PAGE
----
Only Cask Wine From The Goon Region Allowed to Be Called Goon

Published by Anonymous (not verified) on Fri, 01/11/2019 - 8:11am in

goonsack-619-386Winemakers from the Goon region of South Australia are today celebrating after international trademark laws were changed to allow only cask wine from the region to be labelled as “Goon”.

“If you want to release a “Goon” style cask wine from grapes not grown in the Goon Valley it must now be labelled as “sickly tasting cheap piss easily carted from party to party by swaying teenagers”,” said Charles Chunder, president of the Goon Winegrowers Board. “We’ve spent many years building up the reputation of our product and we want kids who are pooling their pocket money to buy a 4 litre cask to feel confident they are getting an adult to buy them the real thing.”

“As long as it gets me shitfaced I don’t care what they call it,” said renowned goon connoisseur James “Simmo” Simpson. “As long as it tastes roughly the same going back out as it does going in I’ll still drink it.”

Wines with the Goon label are now likely to attract a premium price of about 50 cents extra for a 4 litre cask, provided they contain the minimum requirement of 14% methylated spirits.

Peter Green

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Asia-Pacific Trade Deal: Trading Away Indian Agriculture?

Published by Anonymous (not verified) on Tue, 22/10/2019 - 3:55am in

Colin Todhunter On the back of Brexit, there are fears in the UK that a trade deal will be struck with Washington which will effectively lower food and environmental standards to those of the US. At the same time, it seems that the Transatlantic Trade and Investment Partnership is being resurrected and could have a …

Squeezing a Balloon

Published by Anonymous (not verified) on Thu, 26/09/2019 - 8:50pm in


trade, USA, Asia, China

Via the Financial Times I have read the Asian Development Bank Asian Development Outlook 2019 Update. The outlook has an interesting section on the impact of the US-China trade war on the region. Let me simply quote the relevant paragraph: “Recent trade data also provide evidence of trade redirection. In the first 6 months of 2019, US imports from the PRC fell by 12% from the same period in 2018. At the same time, US imports from the rest of developing Asia rose by about 10%, with notably large increases of 33% for Vietnam; 20% for Taipei,China; and 13% for Bangladesh” (page 14). I also copied and pasted the figure in the following page:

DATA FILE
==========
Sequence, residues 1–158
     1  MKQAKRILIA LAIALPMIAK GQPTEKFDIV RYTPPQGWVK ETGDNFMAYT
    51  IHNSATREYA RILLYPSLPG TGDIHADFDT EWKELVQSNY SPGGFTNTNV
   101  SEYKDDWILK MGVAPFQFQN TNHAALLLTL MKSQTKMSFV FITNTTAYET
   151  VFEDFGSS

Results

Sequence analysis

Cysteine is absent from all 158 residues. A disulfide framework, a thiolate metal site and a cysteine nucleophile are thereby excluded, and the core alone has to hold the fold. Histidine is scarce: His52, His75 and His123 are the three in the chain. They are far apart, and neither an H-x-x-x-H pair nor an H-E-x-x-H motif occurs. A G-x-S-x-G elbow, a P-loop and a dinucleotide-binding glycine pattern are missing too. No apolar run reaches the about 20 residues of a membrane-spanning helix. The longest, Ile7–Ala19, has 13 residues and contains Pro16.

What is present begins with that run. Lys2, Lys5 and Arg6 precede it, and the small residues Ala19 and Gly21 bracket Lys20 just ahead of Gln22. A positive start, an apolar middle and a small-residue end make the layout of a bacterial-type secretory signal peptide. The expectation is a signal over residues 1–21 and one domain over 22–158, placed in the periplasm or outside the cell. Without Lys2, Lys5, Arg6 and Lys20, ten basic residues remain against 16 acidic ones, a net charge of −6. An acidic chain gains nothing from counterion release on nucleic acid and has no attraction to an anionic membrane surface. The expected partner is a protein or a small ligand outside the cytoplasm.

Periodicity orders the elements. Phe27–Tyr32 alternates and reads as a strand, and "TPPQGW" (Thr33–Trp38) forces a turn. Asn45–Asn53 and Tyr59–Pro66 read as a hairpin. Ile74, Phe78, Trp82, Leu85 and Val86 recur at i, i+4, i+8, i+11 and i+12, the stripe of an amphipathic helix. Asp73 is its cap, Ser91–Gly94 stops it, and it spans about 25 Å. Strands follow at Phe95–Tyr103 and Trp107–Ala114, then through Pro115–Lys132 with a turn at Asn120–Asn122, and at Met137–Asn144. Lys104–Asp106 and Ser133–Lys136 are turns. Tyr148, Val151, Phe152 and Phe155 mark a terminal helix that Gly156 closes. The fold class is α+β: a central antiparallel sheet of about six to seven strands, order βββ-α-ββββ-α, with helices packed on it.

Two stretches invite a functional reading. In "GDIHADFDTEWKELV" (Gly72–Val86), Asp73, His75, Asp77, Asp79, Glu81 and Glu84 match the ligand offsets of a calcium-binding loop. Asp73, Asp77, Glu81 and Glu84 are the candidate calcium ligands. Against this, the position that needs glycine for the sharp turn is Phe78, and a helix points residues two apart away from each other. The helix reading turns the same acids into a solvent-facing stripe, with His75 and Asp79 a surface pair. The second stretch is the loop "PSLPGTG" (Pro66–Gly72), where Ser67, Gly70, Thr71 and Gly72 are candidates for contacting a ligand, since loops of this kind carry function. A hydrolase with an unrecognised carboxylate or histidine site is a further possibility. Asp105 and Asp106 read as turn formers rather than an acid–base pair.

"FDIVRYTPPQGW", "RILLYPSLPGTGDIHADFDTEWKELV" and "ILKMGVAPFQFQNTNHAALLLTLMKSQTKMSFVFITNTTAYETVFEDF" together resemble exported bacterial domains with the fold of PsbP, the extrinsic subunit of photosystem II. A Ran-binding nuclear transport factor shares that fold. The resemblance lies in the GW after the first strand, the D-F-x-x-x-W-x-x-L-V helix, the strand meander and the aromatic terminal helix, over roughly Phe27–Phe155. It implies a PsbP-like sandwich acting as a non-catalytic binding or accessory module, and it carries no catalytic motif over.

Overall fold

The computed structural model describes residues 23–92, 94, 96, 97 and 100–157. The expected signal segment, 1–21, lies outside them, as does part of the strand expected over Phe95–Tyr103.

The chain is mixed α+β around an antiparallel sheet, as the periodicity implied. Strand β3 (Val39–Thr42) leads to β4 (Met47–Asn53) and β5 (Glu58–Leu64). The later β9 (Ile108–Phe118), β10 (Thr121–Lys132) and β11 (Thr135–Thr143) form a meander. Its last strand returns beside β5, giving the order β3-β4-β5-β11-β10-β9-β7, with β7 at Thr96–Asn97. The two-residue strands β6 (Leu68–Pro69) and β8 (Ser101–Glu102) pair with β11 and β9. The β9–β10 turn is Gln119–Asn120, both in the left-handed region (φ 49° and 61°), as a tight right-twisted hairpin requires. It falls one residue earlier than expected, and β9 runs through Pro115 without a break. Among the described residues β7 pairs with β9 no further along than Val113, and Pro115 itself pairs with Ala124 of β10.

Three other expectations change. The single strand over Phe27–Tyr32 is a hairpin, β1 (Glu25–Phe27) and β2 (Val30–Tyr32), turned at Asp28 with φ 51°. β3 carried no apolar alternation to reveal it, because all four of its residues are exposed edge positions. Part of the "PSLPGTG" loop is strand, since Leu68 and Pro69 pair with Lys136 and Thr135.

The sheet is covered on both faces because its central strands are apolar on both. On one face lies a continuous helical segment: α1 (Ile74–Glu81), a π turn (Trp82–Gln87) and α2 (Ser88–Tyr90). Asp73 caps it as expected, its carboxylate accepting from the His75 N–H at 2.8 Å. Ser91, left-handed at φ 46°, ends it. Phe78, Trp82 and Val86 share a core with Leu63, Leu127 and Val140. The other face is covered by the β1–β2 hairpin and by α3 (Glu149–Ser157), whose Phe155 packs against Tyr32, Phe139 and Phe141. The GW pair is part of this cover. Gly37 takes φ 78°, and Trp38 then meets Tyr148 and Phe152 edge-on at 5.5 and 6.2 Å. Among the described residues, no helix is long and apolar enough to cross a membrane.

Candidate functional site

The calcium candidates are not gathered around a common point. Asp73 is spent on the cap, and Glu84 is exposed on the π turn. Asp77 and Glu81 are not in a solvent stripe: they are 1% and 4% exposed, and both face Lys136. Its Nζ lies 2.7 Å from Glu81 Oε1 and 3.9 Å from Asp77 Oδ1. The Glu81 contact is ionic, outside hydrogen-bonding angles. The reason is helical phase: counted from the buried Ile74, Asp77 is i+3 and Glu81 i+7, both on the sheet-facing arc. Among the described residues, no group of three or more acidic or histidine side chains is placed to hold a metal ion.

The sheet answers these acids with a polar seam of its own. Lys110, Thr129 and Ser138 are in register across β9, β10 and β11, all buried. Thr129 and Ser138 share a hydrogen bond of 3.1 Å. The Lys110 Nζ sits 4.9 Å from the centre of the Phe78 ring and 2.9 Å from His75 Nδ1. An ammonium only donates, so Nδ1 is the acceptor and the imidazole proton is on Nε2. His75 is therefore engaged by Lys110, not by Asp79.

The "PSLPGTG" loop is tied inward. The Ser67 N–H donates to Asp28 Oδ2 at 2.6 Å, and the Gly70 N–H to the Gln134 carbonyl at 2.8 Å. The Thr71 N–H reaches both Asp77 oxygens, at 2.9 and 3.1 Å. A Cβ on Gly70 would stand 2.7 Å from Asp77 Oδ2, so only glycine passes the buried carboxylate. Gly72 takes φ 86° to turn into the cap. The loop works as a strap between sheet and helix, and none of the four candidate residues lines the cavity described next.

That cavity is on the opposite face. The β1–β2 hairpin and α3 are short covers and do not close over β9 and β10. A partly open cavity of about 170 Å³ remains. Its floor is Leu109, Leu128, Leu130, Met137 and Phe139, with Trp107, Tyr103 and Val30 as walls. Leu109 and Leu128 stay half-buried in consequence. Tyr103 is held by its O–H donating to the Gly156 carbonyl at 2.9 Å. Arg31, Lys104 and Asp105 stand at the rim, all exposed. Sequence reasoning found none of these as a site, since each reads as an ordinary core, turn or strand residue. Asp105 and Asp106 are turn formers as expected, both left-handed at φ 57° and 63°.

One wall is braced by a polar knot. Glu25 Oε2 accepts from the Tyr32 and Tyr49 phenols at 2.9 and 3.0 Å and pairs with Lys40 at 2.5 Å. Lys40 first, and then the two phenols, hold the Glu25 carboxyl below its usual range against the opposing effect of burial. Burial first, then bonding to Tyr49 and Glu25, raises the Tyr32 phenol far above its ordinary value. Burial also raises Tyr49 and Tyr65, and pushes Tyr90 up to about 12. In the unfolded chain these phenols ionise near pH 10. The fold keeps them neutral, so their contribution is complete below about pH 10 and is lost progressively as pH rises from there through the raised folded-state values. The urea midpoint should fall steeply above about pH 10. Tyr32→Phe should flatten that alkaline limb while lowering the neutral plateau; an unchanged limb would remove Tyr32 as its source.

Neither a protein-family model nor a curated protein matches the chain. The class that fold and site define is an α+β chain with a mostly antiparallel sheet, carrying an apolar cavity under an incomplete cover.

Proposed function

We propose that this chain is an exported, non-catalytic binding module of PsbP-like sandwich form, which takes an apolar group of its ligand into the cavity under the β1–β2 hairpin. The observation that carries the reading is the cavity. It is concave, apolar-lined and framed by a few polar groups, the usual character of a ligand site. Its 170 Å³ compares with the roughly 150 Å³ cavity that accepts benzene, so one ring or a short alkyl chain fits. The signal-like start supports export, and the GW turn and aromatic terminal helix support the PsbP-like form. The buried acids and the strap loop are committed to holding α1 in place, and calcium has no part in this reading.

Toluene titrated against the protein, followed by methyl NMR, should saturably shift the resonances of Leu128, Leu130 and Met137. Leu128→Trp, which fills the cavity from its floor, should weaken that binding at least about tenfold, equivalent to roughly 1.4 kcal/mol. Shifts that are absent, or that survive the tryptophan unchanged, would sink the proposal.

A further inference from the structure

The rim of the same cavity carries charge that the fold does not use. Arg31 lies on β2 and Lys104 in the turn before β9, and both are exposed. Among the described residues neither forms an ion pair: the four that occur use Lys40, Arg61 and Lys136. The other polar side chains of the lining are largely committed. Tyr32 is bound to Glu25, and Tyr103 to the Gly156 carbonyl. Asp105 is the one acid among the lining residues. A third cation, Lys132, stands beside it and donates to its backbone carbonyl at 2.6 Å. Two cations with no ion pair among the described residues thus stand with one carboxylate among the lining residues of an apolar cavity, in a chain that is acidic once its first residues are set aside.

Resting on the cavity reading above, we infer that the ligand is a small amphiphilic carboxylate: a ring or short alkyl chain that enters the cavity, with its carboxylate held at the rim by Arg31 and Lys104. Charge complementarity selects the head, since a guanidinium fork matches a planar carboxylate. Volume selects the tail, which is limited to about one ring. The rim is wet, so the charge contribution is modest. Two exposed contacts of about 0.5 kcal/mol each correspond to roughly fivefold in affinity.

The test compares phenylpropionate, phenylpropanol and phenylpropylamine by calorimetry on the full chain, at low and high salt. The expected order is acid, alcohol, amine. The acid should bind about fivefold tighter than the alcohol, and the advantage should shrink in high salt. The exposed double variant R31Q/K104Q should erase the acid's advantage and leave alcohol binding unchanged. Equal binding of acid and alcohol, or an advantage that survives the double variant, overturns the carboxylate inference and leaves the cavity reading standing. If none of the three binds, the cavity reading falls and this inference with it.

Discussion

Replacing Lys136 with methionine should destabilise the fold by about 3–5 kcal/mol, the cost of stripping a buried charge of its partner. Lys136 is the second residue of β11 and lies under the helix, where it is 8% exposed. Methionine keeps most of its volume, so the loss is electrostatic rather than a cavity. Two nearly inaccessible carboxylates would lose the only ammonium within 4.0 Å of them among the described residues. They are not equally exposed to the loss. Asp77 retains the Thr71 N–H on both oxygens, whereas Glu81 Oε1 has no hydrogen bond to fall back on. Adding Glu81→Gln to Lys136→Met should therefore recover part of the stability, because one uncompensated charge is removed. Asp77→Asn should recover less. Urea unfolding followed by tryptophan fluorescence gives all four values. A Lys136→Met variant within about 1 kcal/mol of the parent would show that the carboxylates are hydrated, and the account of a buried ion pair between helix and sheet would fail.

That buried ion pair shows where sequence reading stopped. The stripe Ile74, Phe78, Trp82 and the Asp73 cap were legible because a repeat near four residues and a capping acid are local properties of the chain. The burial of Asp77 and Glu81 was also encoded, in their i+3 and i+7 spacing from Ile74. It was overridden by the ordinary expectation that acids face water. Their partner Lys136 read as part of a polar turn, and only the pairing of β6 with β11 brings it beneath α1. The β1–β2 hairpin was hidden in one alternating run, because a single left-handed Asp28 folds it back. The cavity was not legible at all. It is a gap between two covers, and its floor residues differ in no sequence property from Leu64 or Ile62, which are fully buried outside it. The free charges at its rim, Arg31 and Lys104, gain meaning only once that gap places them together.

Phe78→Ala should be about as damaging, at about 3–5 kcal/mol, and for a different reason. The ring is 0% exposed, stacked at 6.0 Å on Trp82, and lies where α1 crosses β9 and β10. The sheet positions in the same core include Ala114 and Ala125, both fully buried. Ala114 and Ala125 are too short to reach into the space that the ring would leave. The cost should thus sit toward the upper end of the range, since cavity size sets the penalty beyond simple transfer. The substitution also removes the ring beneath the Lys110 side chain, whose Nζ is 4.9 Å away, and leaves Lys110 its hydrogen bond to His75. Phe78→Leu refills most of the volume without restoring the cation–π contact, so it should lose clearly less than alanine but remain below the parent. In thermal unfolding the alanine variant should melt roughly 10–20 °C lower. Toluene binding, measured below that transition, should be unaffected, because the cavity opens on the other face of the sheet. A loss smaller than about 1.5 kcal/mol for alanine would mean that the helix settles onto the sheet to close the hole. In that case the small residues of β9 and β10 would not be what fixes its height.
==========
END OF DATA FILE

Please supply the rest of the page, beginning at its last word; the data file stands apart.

This was to be expected. Of course trade diversion is not automatic, nor costless. Supply chains need to be reorganized, bottlenecks may appear. But it is obvious that as long as US demand for the goods produced abroad remains strong, if the price of these increases in China, the demand will look elsewhere. Now, the US has been recording substantial negative net lending (the sign of an excess of domestic demand over supply) since at least the early 1990s:

The source of this excess demand has not always been the same. Sometimes corporations, rarely households (most notably in the run-up to the crisis), and most of the times the government.

In particular, in recent years households have experienced excess savings, initially joined by corporations which then gradually went to equilibrium. The government is keeping demand high, and as a consequence the trade deficit alive.

The tariffs on China, in this context, are just like squeezing a balloon. As long as US domestic demand remains strong, compressing Chinese imports simply pops imports from Vietnam, or Bangladesh, or who knows what other country next. As long as American excess demand will persist, somebody elsewhere will provide the supply for it. Reducing bilateral trade deficit with China is not a solution to persistent excess domestic demand.

Of course, the US could impose barriers to imports from all countries. This would solve the problem and reduce the trade deficit. Higher import prices and competition between households, firms and the government, would reduce purchasing power and, together with excess domestic demand, the welfare of American voters. Mr. Trump should try this before November 3rd, 2020.

Should NATO Exist? Will It?

Published by Anonymous (not verified) on Sat, 21/09/2019 - 1:58am in

One of Trump’s constant cries is that American allies aren’t spending enough on their militaries and that the US is, thus, carrying them.

While there is a temptation to scorn this argument because it was made by Trump, it has a fair bit of truth to it, as Matt Stoller suggested today:

The American military umbrella is a bad deal for America and a good deal for our “allies.” Japan gets protected channels to Middle Eastern oil, for free. Germany gets protection from Russia, for free. They all export to us at terms unfavorable to our own industries/middle class.

The problem with this is that it is, well, true.

And that Europe “needs” America for defense against Russia is absurd:

Let us be clear, the EU’s population is 508 million. When the UK leaves, it will be 447 million.